By Taylor Martin | July 30, 2013 7:37 PM
If I were to guess how many times I’ve given Windows Phone a fair chance, it would be somewhere in the lower double-digits.
I’m a sucker for an underdog. I pulled for webOS in its darkest days, and I held onto my BlackBerrys well into 2010. I’m also currently pulling for Jolla’s Sailfish OS and the YotaPhone, though the odds are certainly not in their favor.
And I’m a fan of using multiple platforms and not cornering myself into a single ecosystem. Yes, using an Android tablet and an Android smartphone or an iPad and an iPhone offers very deep integration – integration you can’t get with using an iPhone with an Android tablet … or vice versa. At the same time, it’s a bit redundant, and you’re stuck with any shortcomings of one platform not only on one device, but two.
But, for whatever reason, I have not been able to dedicate myself to Windows Phone. That may stem from the poor experiences I’ve had with the Windows desktop platform in the past, but after at least a dozen different times of picking up and using a Windows Phone device for a couple weeks, I could never get into it.
To date, I’ve written several times about how Windows Phone needs a hero device. And many of us thought the Lumia 900 was going to be just that. I knew it. Alas, that wasn’t the case. It was bug-ridden at launch, and didn’t have much value proposition. In short, the Lumia 900 wasn’t the flagship it needed to be.
Nor was the Lumia 920. It’s a great phone, but it doesn’t offer anything wildly different or better than its toughest competition.
If you ask most people why Windows Phone hasn’t really gained much traction in the mobile space, most will probably quickly blame the application support. Some might say the interface is too different. And others might blame how invested people are in their current ecosystem. And those people wouldn’t necessarily be wrong.
However, Windows Phone has been missing one thing I’ve been saying it has needed since day one: truly awe-inspiring hardware, a differentiator. Bragging rights.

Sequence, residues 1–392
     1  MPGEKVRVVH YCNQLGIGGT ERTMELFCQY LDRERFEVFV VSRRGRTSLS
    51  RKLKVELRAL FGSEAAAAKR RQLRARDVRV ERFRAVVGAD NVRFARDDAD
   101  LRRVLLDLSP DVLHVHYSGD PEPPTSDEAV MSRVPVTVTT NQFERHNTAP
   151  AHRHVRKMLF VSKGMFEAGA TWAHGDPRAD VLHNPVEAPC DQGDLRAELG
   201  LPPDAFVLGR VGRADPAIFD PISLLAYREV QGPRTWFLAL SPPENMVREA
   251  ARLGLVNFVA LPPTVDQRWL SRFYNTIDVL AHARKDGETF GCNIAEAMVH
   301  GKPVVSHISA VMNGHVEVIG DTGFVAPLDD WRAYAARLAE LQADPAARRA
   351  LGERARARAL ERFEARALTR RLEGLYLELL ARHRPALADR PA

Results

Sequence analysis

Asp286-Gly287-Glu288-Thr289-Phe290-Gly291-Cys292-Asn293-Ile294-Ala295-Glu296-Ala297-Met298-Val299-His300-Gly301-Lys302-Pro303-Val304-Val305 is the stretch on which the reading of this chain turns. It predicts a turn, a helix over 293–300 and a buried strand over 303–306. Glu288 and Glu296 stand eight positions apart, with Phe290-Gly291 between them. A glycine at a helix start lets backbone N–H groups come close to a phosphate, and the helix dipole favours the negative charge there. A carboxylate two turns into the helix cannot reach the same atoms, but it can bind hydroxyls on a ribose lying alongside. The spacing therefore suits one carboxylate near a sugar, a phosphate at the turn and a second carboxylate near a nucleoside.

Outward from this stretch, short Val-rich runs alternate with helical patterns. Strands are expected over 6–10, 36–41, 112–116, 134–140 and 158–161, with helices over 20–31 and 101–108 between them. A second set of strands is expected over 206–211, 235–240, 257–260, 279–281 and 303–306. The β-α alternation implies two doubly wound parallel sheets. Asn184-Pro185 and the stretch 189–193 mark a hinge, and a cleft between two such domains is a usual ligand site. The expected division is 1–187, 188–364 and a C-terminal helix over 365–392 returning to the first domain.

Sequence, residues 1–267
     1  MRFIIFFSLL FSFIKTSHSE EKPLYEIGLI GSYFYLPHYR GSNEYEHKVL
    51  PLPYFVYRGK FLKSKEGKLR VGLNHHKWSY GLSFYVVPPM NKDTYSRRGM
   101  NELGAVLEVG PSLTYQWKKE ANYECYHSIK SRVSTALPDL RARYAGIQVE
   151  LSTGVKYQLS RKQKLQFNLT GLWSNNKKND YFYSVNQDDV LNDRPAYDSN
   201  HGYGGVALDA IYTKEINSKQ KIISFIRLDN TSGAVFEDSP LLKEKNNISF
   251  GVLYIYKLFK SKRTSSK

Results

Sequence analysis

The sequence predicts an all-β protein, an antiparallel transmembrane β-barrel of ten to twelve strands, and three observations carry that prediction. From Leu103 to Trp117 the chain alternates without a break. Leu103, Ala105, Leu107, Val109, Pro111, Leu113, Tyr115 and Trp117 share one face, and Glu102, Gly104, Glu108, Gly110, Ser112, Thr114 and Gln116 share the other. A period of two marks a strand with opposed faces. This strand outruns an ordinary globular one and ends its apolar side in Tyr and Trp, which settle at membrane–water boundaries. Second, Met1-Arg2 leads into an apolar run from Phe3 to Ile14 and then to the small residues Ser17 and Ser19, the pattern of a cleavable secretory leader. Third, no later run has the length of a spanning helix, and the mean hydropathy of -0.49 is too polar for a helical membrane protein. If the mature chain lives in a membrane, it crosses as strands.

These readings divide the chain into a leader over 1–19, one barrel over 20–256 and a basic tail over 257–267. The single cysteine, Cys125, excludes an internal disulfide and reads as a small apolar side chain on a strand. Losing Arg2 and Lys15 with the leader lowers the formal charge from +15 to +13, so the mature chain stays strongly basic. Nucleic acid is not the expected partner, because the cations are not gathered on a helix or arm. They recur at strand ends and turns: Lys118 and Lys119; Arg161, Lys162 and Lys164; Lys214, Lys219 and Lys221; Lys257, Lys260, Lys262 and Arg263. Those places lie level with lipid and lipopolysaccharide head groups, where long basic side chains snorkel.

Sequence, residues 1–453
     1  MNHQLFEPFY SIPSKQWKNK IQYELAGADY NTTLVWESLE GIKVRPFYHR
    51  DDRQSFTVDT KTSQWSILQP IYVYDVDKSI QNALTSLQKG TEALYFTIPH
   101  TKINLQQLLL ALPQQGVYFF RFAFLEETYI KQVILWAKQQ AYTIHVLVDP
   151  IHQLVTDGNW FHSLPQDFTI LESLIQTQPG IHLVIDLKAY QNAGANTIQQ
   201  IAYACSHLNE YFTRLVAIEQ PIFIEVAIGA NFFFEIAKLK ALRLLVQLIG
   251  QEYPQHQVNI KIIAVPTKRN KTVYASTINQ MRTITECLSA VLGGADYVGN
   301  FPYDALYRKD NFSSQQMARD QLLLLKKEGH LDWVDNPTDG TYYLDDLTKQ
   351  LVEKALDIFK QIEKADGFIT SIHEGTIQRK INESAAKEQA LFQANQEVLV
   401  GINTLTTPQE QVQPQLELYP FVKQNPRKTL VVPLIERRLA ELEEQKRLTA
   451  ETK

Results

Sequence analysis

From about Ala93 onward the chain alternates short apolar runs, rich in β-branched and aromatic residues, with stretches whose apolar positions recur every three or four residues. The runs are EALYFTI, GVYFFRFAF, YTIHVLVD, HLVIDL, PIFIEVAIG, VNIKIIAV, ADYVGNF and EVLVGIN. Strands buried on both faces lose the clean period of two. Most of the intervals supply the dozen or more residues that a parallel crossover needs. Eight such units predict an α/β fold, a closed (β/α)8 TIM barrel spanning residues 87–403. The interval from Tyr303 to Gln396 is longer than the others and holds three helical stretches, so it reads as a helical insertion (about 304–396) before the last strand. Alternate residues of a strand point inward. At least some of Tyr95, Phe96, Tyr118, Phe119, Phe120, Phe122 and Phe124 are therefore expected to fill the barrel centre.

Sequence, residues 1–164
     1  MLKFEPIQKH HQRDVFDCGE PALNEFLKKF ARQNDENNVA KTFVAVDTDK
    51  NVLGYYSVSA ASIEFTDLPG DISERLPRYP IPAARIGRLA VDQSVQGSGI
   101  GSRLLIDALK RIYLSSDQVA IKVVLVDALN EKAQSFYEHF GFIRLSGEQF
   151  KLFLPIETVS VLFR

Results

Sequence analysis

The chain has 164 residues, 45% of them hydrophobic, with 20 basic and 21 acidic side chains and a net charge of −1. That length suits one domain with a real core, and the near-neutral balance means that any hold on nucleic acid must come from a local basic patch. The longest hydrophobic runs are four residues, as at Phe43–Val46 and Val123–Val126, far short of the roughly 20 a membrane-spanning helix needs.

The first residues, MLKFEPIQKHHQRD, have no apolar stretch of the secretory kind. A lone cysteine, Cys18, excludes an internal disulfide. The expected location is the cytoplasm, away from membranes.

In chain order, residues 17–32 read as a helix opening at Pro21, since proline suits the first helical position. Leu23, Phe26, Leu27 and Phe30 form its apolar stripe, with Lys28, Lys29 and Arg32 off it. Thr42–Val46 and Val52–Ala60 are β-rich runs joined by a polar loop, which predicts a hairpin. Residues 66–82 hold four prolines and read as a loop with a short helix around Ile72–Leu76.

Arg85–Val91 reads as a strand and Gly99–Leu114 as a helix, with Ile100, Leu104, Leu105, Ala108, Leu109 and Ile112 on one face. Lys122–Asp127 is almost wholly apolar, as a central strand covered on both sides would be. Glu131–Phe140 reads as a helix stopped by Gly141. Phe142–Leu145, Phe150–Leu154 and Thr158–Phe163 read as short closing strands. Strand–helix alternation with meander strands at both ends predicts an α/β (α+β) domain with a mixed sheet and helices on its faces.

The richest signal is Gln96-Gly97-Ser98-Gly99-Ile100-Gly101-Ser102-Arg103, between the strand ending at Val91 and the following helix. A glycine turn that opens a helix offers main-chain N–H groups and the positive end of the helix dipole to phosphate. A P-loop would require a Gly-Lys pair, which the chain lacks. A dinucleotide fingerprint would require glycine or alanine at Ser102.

The Lumia 920 was the closest thing to that. With optical image stabilization, it could take better low-light and night shots than practically any other smartphone at the time (excluding the 808, of course). But the rest have, more or less, been half-hearted attempts from Android manufacturers to get their foot in the door, just in case the platform ever took off.
Since the launch of Windows Phone, I’ve been patiently waiting for that sort of flagship. And while I don’t think the Lumia 1020, specifically, will launch the platform forward, it’s the solid foundation the platform so desperately needed.
Last Friday, I picked up the Lumia 1020 for a painful $700 (after taxes) and dove back into the platform head-first. I’ve been snapping pictures left and right, rearranging the tiles on my home screen, and searching high and low for all the applications I need.
It only took me a few minutes to realize nothing had really changed. Windows Phone was the same ol’ platform I’ve never been able to fully fall in love with. It’s still missing vital applications, such as dedicated apps for all the Google services I regularly use, both for personal and work – Hangouts, Google+, Drive, Dropbox, etc.
That said, I haven’t been so quick to write the platform off this time around.
Yes, that’s primarily due to the camera – it’s amazing and I love it. But there’s plenty of evidence of that already, and that’s not the entire point. Windows Phone – more specifically, the Lumia 1020 – now offers something you can’t get on any other major platform, a truly unique feature and experience that no other phone can currently hold a candle to.
Granted, if I didn’t have the ability to supplement with other platforms, there simply isn’t a way I could devote myself 100 percent to Windows Phone. There are too many things the platform is missing and not enough great alternatives or third-party clients to fully make the jump.
No less, the Lumia 1020 is a major leap forward for the platform. It’s exactly what the platform needed to start turning heads, even if most of the people don’t switch to Windows Phone for another Lumia generation or so.
This is the closest I’ve ever been to actually loving the platform. What I needed all along was hardware I could love, too.
Tell us, readers. Will you switch to Windows Phone to get your hands on the Lumia 1020? Or is a fantastic camera simply not enough to make you switch? Will you instead wait on a comparable Android phone?